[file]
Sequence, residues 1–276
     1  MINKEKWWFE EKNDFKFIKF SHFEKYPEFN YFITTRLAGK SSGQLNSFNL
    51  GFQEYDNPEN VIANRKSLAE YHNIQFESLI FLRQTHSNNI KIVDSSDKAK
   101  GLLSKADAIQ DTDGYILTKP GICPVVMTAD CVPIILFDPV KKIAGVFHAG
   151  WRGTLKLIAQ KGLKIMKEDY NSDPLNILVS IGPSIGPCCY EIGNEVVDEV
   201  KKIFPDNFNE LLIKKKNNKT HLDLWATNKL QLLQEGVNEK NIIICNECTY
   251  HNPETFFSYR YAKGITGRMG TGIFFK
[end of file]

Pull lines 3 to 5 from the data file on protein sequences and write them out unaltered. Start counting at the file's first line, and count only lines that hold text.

    51  GFQEYDNPEN VIANRKSLAE YHNIQFESLI FLRQTHSNNI KIVDSSDKAK
   101  GLLSKADAIQ DTDGYILTKP GICPVVMTAD CVPIILFDPV KKIAGVFHAG
   151  WRGTLKLIAQ KGLKIMKEDY NSDPLNILVS IGPSIGPCCY EIGNEVVDEV